Will both of these be actually good solutions? I don’t exactly know. I can actually live with the PBA being covered by just one network. Whether that’s TV5, ABS-CBN, GMA or some other network, I don’t really care (personally. But if we do consider Kuya Chuck’s tweet, then this has to be considered). What matters to me, more than anything is: scheduling and internet coverage.
In terms of scheduling, I don’t know where people are at with this but my personal solution is to schedule the games at a later time. The NBA has games scheduled anywhere between 6:00 PM to 9:00 PM (sometimes, there are afternoon games on weekends). The current setup of the PBA on weekends does not allow the vast majority of workers (who are scheduled to work anywhere between 8 to 6) to travel from where they work to the Arenas. This is especially true if you consider MoA games (for me) or Araneta games (for fans who live in the South). They should conduct an NCR-wide survey to ask fans who want to watch the games live:
- Where they live (just check boxes of big cities like Pasig, Quezon, Mandaluyong, Pasay, etc…)
- How long is their commute from work to the following arenas on a regular day (just approximate and list all relevant arenas i.e. Araneta and Mal of Asia).
- How long is there commute from the arena to their home (again, approximate and list all relevant arenas).
- What time do they prefer to at least get home.
This way, the league has a set of data to work with. Create an algorithm (the NBA does this) that creates the optimal scheduling that takes all of this into consideration plus logistic issues, pricing schemes and seating capacity.
Also, how hard is it really to affix links to places where we can buy tickets? And how hard is it really to hire a bunch of people to manage the website? And, do you not understand how important a company’s web presence is? You see all these big companies interacting with their followers through Facebook, Twitter and Google+. All of this ties up together to provide a coherent, intuitive and easy way for fans to follow the leagues through multiple online outlets. I’m not even going to get into providing an online portal where PBA fans ANYWHERE can watch (and there are PBA fans everywhere, not just in the NCR region or in the Philippines but globally).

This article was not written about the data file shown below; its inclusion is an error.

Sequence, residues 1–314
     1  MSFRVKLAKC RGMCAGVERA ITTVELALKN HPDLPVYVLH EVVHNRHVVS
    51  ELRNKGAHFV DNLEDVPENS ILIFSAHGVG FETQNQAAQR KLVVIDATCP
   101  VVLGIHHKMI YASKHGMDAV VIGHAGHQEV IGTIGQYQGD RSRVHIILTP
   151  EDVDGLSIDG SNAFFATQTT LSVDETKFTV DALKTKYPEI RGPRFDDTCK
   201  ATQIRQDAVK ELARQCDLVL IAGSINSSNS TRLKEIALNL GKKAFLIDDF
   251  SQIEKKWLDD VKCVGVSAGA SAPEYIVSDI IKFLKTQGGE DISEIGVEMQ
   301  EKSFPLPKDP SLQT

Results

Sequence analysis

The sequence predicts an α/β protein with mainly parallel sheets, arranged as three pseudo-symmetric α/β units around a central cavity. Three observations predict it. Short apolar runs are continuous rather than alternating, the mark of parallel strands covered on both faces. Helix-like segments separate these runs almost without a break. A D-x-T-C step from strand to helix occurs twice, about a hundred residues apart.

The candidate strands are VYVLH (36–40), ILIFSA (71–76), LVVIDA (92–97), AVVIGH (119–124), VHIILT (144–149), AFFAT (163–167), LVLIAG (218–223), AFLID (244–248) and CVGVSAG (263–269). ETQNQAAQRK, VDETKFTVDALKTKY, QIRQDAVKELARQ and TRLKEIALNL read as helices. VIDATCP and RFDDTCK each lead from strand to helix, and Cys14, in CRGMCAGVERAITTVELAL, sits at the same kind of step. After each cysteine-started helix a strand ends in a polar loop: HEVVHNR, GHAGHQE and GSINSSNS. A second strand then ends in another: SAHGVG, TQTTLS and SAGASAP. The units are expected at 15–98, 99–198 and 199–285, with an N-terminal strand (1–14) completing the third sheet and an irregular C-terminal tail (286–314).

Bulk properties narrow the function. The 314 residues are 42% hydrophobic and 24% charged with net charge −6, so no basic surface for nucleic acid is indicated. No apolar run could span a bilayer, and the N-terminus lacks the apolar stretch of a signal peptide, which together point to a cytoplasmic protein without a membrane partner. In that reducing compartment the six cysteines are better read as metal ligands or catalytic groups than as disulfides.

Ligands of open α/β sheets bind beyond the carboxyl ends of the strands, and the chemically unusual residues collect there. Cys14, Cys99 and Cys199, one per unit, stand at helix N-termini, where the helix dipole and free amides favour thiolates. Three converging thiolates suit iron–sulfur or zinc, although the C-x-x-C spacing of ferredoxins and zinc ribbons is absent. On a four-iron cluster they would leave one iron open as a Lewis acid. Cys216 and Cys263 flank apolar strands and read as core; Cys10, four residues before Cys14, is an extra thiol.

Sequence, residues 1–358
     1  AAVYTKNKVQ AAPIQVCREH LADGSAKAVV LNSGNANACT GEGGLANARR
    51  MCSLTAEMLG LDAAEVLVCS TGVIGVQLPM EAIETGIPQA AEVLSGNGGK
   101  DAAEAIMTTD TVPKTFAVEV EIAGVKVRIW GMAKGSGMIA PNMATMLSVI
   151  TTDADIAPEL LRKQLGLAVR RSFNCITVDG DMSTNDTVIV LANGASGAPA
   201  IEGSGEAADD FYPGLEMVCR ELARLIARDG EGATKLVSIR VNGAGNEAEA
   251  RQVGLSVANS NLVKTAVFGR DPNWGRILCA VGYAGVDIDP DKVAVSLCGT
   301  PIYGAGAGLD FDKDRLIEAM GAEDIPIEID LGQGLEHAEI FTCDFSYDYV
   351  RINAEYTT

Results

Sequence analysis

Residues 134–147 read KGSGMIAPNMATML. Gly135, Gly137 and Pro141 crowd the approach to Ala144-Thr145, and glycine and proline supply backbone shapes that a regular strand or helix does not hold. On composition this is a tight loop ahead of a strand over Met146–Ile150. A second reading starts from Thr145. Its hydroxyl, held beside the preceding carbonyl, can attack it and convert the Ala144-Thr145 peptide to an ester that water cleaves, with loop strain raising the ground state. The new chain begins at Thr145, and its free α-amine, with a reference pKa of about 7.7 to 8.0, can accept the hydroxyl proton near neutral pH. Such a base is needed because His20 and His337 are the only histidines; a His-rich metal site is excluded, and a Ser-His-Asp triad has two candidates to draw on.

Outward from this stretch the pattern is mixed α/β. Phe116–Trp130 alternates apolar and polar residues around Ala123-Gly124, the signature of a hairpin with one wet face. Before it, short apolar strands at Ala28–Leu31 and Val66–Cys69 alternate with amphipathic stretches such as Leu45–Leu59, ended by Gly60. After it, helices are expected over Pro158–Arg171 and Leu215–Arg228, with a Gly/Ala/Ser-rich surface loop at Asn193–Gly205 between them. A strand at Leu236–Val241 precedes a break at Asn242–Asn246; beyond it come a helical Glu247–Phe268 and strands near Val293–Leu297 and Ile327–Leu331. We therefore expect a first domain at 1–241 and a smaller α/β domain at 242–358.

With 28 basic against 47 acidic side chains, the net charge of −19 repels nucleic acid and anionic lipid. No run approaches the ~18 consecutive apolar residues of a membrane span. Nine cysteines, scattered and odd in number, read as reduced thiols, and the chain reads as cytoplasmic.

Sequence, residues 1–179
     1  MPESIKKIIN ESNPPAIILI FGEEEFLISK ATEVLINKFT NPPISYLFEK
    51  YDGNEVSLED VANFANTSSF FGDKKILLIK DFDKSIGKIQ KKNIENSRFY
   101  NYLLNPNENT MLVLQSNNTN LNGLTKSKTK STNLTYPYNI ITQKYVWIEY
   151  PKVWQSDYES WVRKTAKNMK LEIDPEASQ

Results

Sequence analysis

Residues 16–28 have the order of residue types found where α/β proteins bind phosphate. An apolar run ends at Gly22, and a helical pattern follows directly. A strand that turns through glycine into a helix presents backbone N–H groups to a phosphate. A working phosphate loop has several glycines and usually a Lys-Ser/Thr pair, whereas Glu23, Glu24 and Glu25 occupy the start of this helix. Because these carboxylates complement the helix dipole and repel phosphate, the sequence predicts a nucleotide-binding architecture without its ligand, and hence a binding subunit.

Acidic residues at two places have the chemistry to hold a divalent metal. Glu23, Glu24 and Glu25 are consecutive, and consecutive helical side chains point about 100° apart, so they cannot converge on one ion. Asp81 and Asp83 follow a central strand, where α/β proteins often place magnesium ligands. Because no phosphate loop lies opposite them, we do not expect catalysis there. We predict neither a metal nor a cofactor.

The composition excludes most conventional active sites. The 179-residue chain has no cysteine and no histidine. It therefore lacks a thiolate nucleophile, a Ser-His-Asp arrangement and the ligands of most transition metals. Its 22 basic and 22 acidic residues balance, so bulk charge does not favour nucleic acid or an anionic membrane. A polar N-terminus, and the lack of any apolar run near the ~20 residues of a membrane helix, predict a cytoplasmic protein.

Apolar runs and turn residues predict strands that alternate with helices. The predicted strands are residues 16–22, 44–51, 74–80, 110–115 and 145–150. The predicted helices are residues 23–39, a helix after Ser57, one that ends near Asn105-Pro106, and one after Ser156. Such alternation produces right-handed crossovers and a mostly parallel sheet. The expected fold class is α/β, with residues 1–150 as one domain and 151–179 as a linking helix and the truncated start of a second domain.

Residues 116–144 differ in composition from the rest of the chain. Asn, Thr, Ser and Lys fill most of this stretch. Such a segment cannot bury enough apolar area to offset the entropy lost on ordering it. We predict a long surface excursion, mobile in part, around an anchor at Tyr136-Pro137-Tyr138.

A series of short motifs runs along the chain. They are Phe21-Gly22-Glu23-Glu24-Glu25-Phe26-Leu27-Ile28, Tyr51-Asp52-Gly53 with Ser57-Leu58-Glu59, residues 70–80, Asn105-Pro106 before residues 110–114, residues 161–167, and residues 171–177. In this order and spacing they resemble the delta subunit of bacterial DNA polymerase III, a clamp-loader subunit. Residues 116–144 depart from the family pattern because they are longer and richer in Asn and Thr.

The other issue, I think, is one that tackles how the PBA operates. Currently, it has three conferences: a conference where only eligible Filipinos can play (whether by blood or by birth, I think?), another conference that allows all teams to recruit one player without restrictions and another conference that allows all teams to recruit one player with restrictions. Confusing right?
Some of us have questioned the need for three conferences. I am one of those people. Also, what is up with all these Gilas Pilipinas hoola-boo? Each year, there’s something different going on with the league and the Gilas team. I remember a few years back, Gilas was actually part of the PBA as a guest team. Then this conference, they apparently moved the timetable of the Commissioner’s Cup to give way to for Gilas’ practice. It’s all a bit confusing, especially for anyone that’s trying to like the PBA or trying get into it again (like me).
All of this is even made more relevant with 5~6 teams vying to get into the league, increasing the number of participants and tightening the schedule enough to force a complete re-structure.
The best solution I have? (Note: In this scenario, I’m assuming the league is now a 14 team league).
Make it one giant season (instead of one season that’s divided into three conferences). The league is divided into two divisions. You play your division three times and teams on the other divisions twice. In total, each team will play 32 games (not counting the playoffs) – that’s fewer games than how many games a regular 3 conference season will have (10 games fewer for each team). 32 games for 14 teams will mean 224 games that need to be scheduled. Each week, there will be about seven games played (1 on Wednesday, two on Fridays,Saturdays and Sundays). This means a 224-game season is about 5 months worth of games. Assuming a similar playoff format as today (which means a maximum of about 33 games or about a month and a half of playoff action), that brings one PBA season to a total of about 7.5 months worth of games. Schedule those games between October to May (prior to the start of the UAAP season and a few months before the start of FIBA competitions). Add in a big offseason schedule for “drafts”, “trades” and what not and what you get is a more cohesive schedule for a PBA fan.
This is mostly, a “throw your ideas on a wall” kinda of a thing. I do not have the credentials to ask important people what their ideas are nor can I catch the league-wide repercussions of a change this drastic (the PBA has always been a three-conference league). But the PBA seriously needs to fix its scheduling. Whether that’s by re-structuring the 3-conferences or not is not my concern, what I want are changes that make the PBA a better viewing experience.
Have any ideas? Hit us up in the comments.